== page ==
While I was offline, the second part of A Poetics of Struggle was published on Strange Horizons. If you haven’t read it yet, it’s here. There’s still a lot more to say about struggle and the field of sf, but I’ll leave it there for the moment as the next column will be about something completely different.

For today’s final bit of news, the ToC for Steampunk World edited by Sarah Hans has been announced. I think Sarah Hans has done a wonderful job of putting together an anthology which is true to the word “World”. I look forward to reading the stories and hope that readers enjoy reading them too.

lives of alternates

It seems like a long time ago that I wrote the hay(na)ku verse that led to the birth of Alternate Girl and Alternate Girl’s Expatriate Life. Of Alternate Adventures and Memory is a story set in the same universe as Alternate Girl’s Expatriate Life and it’s been published at Clarkesworld Magazine. Clarkesworld Magazine is one of the best publications in the SFF field today. It’s one of those publications that’s kept me hopeful and trusting about the future of science fiction and I’m honored to be in this issue.

The December issue includes stories by E. Lily Yu, Benjanun Sriduangkaew, James Patrick Kelly and my Clarion West instructor, John Kessel. Do go and check it out when you have time.

A busy week

Last week was quite a busy week. I got to meet up with friends and talk about writing and work and what it means to be a feminist, an sff writer, and a Filipino woman in the Netherlands. Lots of interesting conversations and lots of food for thought.

I’ve been interviewed by Sean Wright of Galactic Chat. The interview is now live and you can listen to it here. My thanks to Sean Wright for thinking of me and for his thoughtful and thought-provoking questions. I found myself thinking about them long after the interview was over.

Fabulous SFF writer, Eileen Gunn, was unexpectedly in Amsterdam. I feel so very lucky to have gotten this rare opportunity to catch up with someone whose work I admire. We chatted about the diversity conversations and the difficulties in the genre as well as the struggle to be heard. It was interesting to talk about this subject with someone who has a deeper insight into what genre looks like in the US and what struggles PoC writers and QUILTBAG writers face.

I also had a wonderful conversation with Flavia Dzodan on the issue of struggle. Also connected with the conversations on diversity and inclusiveness. And I gained new heart for the challenge that still lies ahead.

My heart is strengthened by these conversations with empowered and strong women and this is all giving me more food for thought as I reflect on the a poetics of struggle.

Workwise, I am pushing myself forward in terms of the novel. There’s a difference in pacing and structure when it comes to writing a novel and writing a short story. I’m experiencing those differences now. I’ll be finishing up a novella soon, as well. So that’s going to be first for me.

I’ll be posting my schedule for World Fantasy soon. If you’re going to be in Brighton, I would be happy to meet and chat and catch up.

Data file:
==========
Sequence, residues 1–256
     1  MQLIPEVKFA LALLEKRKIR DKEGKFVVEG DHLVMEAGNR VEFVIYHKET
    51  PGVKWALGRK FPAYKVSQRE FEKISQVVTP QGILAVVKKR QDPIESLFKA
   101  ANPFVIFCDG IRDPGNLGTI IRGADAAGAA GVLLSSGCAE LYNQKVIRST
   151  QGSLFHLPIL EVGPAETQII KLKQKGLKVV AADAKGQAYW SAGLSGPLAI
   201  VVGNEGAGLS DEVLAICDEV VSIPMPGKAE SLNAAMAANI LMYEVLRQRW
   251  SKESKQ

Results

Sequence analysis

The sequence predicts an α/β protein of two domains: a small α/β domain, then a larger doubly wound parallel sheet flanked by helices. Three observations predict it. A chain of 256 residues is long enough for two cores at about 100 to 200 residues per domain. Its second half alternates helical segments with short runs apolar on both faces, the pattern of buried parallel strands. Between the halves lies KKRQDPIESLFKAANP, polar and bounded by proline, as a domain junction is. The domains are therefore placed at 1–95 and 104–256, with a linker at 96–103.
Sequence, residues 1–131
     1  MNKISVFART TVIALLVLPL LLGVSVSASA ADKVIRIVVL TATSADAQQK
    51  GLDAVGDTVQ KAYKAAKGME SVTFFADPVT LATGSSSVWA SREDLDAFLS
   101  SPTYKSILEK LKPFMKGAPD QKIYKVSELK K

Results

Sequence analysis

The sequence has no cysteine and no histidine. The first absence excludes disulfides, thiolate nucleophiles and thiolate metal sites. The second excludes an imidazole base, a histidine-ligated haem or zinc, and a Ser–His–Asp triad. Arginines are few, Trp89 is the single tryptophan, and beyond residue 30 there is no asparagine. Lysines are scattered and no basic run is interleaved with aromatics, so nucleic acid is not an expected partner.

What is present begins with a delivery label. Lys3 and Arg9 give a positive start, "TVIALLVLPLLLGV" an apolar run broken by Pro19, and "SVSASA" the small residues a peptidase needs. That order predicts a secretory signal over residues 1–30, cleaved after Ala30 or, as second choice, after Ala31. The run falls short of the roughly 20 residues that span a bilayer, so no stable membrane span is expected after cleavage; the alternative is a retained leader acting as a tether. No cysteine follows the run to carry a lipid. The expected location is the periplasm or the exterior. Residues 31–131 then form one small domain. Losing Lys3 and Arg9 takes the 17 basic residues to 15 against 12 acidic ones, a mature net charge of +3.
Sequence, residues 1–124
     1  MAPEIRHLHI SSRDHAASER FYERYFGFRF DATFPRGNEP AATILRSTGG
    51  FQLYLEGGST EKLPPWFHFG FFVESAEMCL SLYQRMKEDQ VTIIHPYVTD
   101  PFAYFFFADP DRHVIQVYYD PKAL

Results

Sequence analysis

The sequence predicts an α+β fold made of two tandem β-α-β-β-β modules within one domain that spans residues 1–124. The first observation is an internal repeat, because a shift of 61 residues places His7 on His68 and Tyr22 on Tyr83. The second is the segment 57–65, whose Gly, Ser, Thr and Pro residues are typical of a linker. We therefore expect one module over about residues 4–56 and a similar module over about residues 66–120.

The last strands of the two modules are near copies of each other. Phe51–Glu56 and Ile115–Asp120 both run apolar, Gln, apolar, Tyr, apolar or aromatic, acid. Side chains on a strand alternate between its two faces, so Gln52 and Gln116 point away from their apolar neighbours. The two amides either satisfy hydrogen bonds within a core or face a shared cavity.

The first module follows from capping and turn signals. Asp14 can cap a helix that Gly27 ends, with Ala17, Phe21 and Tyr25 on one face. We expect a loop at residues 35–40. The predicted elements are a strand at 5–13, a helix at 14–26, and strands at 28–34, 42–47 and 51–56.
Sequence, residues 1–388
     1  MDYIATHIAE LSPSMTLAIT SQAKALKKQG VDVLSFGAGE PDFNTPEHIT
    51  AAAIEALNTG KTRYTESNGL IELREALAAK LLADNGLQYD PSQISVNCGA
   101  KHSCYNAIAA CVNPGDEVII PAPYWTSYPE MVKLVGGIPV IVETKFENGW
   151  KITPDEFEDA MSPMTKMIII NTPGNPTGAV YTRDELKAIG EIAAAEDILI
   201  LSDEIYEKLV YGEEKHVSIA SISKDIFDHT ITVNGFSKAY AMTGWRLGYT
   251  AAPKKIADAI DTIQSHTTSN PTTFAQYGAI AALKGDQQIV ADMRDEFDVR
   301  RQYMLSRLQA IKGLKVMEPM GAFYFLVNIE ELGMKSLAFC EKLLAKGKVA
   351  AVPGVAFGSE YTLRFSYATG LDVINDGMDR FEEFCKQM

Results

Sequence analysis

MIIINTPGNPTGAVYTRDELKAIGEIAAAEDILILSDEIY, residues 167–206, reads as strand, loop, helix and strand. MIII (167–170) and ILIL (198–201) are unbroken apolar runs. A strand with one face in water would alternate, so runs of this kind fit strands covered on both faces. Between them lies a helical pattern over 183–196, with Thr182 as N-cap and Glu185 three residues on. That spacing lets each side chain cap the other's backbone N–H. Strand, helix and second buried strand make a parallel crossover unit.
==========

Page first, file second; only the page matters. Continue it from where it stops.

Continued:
Book Blogging, Linkage and the Diversity in SFF conversations

It’s Friday and I just realized I haven’t posted yet about various things. Over at the Book Blog, I’ve posted a short book discussion that Weng and I had about Kiini Ibura Salaam’s Ancient, Ancient. That discussion went up on Monday and on Wednesday, we published our author interview with Kiini. Do go check out the book blog if you haven’t yet and let us know what you think.

Aliette de Bodard has posted a must-read blogpost on Other Cultures and Diversity in SFF. Do take the time to read it.

Talking about diversity and the danger of dominant voices drowning out minority narrative, read also Gracie Jin’s article on Policymic where she writes about the One Thing White Writers get away with but Authors of Color Don’t.  

My own thoughts on diversity in SFF are contained in last week’s Movements Column: On Escapist Literature and Being Dangerous.

On Black Gate, Foz Meadows’ Challenging the Classics: Questioning the Arbitrary Browsing Mechanism is another must-read.

On twitter, Lavie Tidhar tweeted: “It’s easy to make a hashtag about diversity, harder to actively encourage/support it.”

Speaking as a writer coming from a third-world nation, as a writer coming from a culture that has been so steeped in western influence, as a writer who knows what it’s like to have English valued above your native tongue, I can speak of the multiplicity of struggle.

We struggle against the impositions of language and we struggle against the impositions of western thought. We struggle to bring our stories into the world and we struggle to be heard. We have voices, but those voices are often drowned out by hegemony.

Our voices are often rendered suspect because “experts” have been there telling our histories and our stories in our place.

One of the things that sometimes disheartens me, is how in the discussions on diversity, the voices of those from the margins are often overlooked or erased. I wonder then, again, do we speak our words into the wind? When will the time come when our narratives/opinions will also be treated as equal and welcome? 

I don’t worry for myself. I am at this age where I think: if I get another twenty years, that’s a good thing. While I don’t worry for myself, I do worry for the next generation of writers and creators and I don’t want them to lose heart because the struggle seems to be all uphill. I want to believe that in the time I have, I can at least make a little bit of a difference so it will be less of a struggle. I want to make room so it will be easier to breathe and easier to create. 

You’re probably wondering what you can do. What else can we do? What more can we do to promote diversity in SFF? 

Here’s something concrete we all can do–promote a story, promote a book, promote a writer who is not one of your circle, but who is someone who you feel has a story that needs to be heard. As a challenge to yourself, let that writer be either a writer of color, a writer who is non-western, a QUILTBAG writer or a writer who is all or a combination of the above. 

You may not like all the stories you read, they may not all speak to you (God knows, not all stories speak to me), but they may speak to someone else and in promoting that story, you say this: “There’s this voice I heard. I want you to hear that voice too. I want us to listen and make space because that voice is saying things someone needs to hear.”